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HomeLanguage NewsnewsWhite House Relaunches Spanish Website

White House Relaunches Spanish Website

Andrew Warner reports on the return of the Spanish-language version of, which was taken down under President Trump

In his first day in office, President Biden’s administration relaunched online Spanish-language communications that had been previously discontinued under the Trump Administration. The Trump Administration was the first in two presidencies not to maintain a Spanish-language version of the White House’s official website.

Shortly after the inauguration ended on Jan. 20, the Spanish-language version of went live for the first time since 2017. The website first launched in 1994 under President Clinton; under President Bush, a Spanish-language version was introduced and it had been maintained through the Obama Administration as well. Soon after President Trump entered the office, the Spanish-language version of the site was removed.

While Trump officials insisted early on in his presidency that the Spanish language version of the site would return shortly, it never did—throughout the four years of Trump’s presidency, the URL for the Spanish-language site would display an error message.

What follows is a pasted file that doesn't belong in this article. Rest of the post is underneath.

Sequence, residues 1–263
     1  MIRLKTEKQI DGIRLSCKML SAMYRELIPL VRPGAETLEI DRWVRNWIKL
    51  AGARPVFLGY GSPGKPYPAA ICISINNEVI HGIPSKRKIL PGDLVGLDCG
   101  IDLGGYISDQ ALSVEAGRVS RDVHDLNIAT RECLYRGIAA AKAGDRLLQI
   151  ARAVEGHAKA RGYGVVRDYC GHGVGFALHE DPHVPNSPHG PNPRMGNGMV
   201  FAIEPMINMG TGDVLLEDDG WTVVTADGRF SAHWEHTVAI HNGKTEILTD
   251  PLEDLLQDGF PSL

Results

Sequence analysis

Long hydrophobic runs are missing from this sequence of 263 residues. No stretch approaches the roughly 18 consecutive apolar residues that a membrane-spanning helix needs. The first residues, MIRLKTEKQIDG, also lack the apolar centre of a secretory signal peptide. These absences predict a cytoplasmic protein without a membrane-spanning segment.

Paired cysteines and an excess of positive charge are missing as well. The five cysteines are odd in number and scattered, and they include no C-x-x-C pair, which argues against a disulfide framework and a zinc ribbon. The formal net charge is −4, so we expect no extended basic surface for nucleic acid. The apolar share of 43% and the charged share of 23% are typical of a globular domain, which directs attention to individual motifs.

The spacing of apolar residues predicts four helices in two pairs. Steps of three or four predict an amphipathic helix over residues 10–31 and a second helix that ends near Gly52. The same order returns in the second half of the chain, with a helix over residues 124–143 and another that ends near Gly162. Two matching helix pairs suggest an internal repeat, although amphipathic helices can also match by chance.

According to CNN, the White House did maintain a Twitter account, @LaCasaBlanca, which published in Spanish throughout the duration of Trump’s tenure as president. However, as the Guardian noted in 2017, under the Trump Administration, the Twitter account was much less active than it was during President Obama’s tenure—the tweets also frequently featured errors, such as missing accent marks.

The Biden Administration will continue to use the Twitter account alongside the official Spanish version of to communicate with the nation’s Spanish-speaking residents.

The move to relaunch the Spanish-language version of the website can be seen as a reflection of the nation’s linguistic diversity—more than 50 million residents of the United States speak Spanish on a regular basis, and it’s the second most widely spoken language in the country, after English.

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